Use brackets [ ], not parentheses


original quote: “He was the best ballplayer I ever saw.”

changed for clarity: “[John] was the best ballplayer I ever saw.”


The Bulletin layout special punctuation standards:

  • Use periods in descriptive copy in TOC
  • No periods on subhead paragraphs in articles
  • Use periods on photo captions
  • List all degrees in pull quotes and captions as listed in the article

When listing degrees:

  • No periods in degrees—PharmD, PhD, MS, etc., and set off with commas for non-USciences degrees

Example: Joe Smith, MS, PhD, has been…

  • No spaces when listing degree and graduation year for alumni, and do not set it off by commas

Example: Joe Smith P’69 has been…

  • Use commas between multiple degrees except as described below
  • Add to Class Notes section degrees earned elsewhere, placing the information in parens; include graduation years if available

Example: (PhD’06, Delaware)

  • When listing multiple degrees in someone’s bio, along with the institution where earned, use commas between degrees earned at the same institution, semicolons between those earned at different institutions and place institution names in parentheses

Example: BS, MS (Delaware); PhD (USciences); JD (Widener)


Word Styles
  • advisors
  • a.m., p.m.—lower case with periods
  • board of trustees—lower case
  • campus-wide—retain hyphen
  • centuries—spell out if under ten, otherwise 19th, 20th, 21st
  • class—lower case, as in “the class of 2013”
  • college names—no “the” before names of the four colleges (may be some exceptions to this based on awkwardness of wording)
  • coursework—one word
  • degree names—

master of biology (no ’s on master, bachelor, etc.); no caps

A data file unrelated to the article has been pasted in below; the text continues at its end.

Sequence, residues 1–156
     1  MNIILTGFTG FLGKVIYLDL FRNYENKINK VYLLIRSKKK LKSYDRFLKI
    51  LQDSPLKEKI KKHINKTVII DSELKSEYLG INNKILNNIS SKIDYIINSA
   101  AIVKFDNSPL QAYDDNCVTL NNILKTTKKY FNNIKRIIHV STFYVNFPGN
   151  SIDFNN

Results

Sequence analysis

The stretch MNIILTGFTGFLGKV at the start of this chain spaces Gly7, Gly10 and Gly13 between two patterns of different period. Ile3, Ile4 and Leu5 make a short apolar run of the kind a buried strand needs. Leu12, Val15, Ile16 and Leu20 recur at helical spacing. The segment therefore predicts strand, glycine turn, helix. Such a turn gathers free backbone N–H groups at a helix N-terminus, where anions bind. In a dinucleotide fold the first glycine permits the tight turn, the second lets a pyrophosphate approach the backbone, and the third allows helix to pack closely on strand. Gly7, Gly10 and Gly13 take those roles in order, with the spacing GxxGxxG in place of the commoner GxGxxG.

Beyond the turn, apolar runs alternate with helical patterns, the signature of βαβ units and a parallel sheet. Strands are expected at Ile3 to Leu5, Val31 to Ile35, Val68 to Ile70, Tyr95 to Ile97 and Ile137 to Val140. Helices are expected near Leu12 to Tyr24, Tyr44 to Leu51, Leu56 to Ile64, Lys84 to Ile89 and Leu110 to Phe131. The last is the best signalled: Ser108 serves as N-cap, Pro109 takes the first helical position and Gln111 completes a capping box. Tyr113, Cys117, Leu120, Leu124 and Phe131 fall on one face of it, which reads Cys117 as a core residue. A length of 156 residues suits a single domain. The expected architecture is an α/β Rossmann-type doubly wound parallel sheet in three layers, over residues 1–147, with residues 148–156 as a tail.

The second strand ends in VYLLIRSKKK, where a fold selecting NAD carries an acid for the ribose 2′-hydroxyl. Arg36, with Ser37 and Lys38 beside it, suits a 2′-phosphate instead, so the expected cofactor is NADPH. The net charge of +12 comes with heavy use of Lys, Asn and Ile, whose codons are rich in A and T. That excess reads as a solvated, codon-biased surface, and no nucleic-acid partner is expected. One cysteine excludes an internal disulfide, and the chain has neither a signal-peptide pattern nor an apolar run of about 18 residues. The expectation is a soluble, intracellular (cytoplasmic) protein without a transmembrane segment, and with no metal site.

master’s program in biological sciences, etc.; bachelor’s degree in chemistry, etc.; doctorate in physics, etc.; no caps

  • departments—initial caps for all departments at USciences (for example: Department of Occupational Therapy, Facilities Department) but do not cap department or division names for companies and organizations
  • directions—cap directional words that form part of a region name but not as a general direction

Examples: South Jersey, southern New Jersey, the Northeast, northeast Delaware

  • e-mail—lower case, with hyphen
  • firsthand—one word, no hyphen
  • fundraising—one word, no hyphen
  • GPA—no periods
  • healthcare—one word
  • hyphenated words in article titles—be sure to cap the portion of the word after the hyphen, not just first word (College’s Cutting-Edge Work)
  • in-depth—with hyphen
  • interim—lower case interim always; cap actual title (President, Dean) if it precedes the name, lower case after name
  • internet—lower case
  • interprofessional—one word, no hyphen
  • lifelong—no hyphen
  • military—U.S. Army or the Army, (same for all) the Air Force, the Navy, the Marines, the Coast Guard
  • online—one word
  • on-site—hyphenate
  • orthopedics—not orthopaedics
  • part-time, full-time—hyphenate before or after a noun